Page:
The High Court in the UK has ruled against the government in a case involving two teenagers whose age was wrongly assessed on arrival. The teenagers were placed in an adult migrant facility, instead of one for minors.
On Monday, January 17, a judge at the UK High Court ruled that age assessments carried out on two migrants who arrived in the UK in December 2020 and January 2021 were "not lawful." The decision has resulted in a withdrawal of the age assessment guidelines by the government for social workers carrying out such assessments in Kent.
Both the government and refugee and migrant organizations agree that carrying out age assessments of teenagers is difficult and often results in disputes. There is a complex set of legal guidelines for this process, which were found not to have been adhered to in these two cases.
According to a statement from Doughty Street Chambers, lawyers for the claimants in the case, Mr Justice Henshaw found "the age assessments carried out in relation to the Claimants, were not lawful in the particular respects I have identified."
On arrival in the UK, the two migrants (known as MA and HT) who took the case to court with the help of the Refugee Council, were both assessed by social workers as adults. The two had told the social workers that they were born in 2003 and 2004 respectively, making them legally minors.
Doughty Street Chambers explains that MA "arrived in the UK in mid-December 2020, after an arduous journey locked in the back of a lorry without much air and little food for several days." He claimed at the time he was 16 years old and was a Kuwaiti Bidoon (stateless person).
MA was separated from his mother in France, according to the lawyers' press statement. On arrival in the UK, MA was detained and an age assessment was carried out almost immediately. It lasted for 42 minutes and the social workers concluded that he was 20 years old.
Because of that assessment, which took place without an appropriate adult present (which should have been the case when dealing with minors), MA was sent to an adult facility, Yarls Wood Immigration Removal Center, "before being released to adult asylum support accommodation in Coventry."
Doughty Street Chambers says that MA "did not have any opportunity to know the reasons for the age dispute, to provide clarification or further information about his age." At the time he did not know that he could challenge the judgment until he was later referred by the Refugee Council for legal advice and assistance.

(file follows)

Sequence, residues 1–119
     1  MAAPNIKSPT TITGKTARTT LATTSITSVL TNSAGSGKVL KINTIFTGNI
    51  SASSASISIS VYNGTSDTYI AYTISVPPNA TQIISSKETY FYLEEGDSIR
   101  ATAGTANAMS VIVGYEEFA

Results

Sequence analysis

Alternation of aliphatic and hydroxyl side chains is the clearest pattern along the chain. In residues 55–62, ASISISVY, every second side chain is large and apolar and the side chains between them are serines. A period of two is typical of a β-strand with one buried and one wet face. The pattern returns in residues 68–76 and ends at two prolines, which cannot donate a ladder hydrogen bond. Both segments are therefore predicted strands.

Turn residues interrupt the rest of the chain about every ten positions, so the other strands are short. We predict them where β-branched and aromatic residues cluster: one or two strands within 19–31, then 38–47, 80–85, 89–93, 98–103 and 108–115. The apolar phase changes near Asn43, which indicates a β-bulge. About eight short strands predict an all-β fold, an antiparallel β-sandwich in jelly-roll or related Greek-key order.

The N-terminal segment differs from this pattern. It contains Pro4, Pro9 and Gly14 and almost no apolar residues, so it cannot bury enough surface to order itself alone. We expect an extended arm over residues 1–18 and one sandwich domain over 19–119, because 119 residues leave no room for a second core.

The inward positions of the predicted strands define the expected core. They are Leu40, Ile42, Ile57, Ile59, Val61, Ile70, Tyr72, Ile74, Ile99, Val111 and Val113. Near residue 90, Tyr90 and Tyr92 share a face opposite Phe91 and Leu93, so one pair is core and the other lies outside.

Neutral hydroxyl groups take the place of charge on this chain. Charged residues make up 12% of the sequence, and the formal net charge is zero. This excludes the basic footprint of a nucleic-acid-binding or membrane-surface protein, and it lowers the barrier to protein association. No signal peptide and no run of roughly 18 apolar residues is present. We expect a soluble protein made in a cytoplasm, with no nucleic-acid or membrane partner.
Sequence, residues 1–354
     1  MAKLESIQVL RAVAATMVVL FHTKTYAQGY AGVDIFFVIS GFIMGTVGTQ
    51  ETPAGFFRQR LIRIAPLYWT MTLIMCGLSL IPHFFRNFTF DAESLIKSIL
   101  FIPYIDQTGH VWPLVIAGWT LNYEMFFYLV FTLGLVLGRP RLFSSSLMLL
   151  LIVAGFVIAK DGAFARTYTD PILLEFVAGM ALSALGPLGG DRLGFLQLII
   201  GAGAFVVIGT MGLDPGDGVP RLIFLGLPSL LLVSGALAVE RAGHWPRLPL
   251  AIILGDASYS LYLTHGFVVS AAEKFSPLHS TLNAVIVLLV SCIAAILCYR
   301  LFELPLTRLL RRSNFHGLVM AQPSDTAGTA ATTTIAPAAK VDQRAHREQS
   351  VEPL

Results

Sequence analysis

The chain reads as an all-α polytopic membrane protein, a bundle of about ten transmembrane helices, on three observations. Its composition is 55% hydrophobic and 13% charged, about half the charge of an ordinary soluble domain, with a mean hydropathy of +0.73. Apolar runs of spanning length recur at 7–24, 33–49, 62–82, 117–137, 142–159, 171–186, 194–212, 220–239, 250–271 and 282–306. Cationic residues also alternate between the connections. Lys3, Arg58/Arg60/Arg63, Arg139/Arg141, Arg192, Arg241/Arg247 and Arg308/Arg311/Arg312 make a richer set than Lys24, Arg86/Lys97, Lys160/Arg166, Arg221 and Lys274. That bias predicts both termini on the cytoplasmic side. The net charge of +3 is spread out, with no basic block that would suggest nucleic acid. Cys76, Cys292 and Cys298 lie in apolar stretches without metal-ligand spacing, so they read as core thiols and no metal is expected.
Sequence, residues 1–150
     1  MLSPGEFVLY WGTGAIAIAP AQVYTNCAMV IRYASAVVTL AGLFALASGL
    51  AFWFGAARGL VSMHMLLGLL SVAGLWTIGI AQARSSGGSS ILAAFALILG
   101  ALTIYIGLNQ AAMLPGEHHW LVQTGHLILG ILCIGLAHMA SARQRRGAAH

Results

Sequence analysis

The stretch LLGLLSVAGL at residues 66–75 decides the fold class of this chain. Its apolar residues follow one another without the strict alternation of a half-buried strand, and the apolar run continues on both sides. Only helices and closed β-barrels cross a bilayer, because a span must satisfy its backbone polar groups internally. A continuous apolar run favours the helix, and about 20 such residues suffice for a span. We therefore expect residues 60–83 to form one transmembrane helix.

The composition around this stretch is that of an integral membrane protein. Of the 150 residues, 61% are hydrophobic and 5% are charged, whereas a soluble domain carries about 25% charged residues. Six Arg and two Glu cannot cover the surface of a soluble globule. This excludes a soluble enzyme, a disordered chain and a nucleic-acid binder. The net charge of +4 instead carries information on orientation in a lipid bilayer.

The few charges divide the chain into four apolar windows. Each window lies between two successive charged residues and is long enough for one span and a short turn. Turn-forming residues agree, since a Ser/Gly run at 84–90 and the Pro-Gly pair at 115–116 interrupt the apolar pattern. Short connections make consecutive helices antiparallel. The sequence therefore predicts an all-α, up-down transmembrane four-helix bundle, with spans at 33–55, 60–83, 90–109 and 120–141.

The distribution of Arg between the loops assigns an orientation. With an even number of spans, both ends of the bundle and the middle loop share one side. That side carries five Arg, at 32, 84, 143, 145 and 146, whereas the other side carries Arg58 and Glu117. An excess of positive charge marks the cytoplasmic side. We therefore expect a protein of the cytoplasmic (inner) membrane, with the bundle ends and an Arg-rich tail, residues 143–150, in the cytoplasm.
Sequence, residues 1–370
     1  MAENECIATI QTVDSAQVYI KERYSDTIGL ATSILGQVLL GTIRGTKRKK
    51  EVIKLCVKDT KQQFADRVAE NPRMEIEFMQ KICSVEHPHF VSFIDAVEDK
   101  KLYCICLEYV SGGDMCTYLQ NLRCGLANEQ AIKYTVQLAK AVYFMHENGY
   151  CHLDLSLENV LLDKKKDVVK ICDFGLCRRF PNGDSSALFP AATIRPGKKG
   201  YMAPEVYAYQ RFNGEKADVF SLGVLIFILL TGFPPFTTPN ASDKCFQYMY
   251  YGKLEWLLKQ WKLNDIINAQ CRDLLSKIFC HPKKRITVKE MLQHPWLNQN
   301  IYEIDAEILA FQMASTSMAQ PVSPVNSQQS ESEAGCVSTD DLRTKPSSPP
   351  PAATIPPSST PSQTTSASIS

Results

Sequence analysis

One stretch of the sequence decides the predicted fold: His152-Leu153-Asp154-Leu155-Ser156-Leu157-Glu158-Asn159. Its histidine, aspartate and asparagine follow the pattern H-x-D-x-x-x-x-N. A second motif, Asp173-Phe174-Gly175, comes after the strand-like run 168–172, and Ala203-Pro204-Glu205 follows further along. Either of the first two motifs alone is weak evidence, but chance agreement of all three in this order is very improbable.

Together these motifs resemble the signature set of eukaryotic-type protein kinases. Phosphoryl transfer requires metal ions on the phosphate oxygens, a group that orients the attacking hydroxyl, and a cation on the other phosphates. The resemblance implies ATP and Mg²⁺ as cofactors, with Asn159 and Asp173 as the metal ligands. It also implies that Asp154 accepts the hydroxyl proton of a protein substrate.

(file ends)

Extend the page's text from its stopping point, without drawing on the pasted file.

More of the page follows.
HT, who said he was 17 years old and from Iran, "arrived in the UK in January 2021, after enduring a perilous seven to eight hour journey in a rubber dinghy across the English channel." According to the Doughty Street statement he was "soaking wet, tired and terrified" when he and the others on board the boat were rescued by a Border Force boat.
Four hours later, according to the lawyers, he too was "subject to a truncated age assessment, […] which lasted for one hour and concluded that he was 21 years old." Again in this case, HT did not have an appropriate adult present and was not given the opportunity to provide any clarification or further information about his age.
That evening, being judged an adult, HT was moved to Tinsley House Immigration Removal Center where he stayed for five days, before also being put into adult asylum support accommodation in Coventry.
The lawyers decided that they could challenge his age assessment "on grounds it was unlawful and in breach of section 55 of the Borders Citizenship and Immigration Act 2009." Essentially, the lawyers feel that the social workers don’t spend enough time assessing someone’s age and say that the process lacks the "well-established procedural safeguards."
Home Office removes its guidelines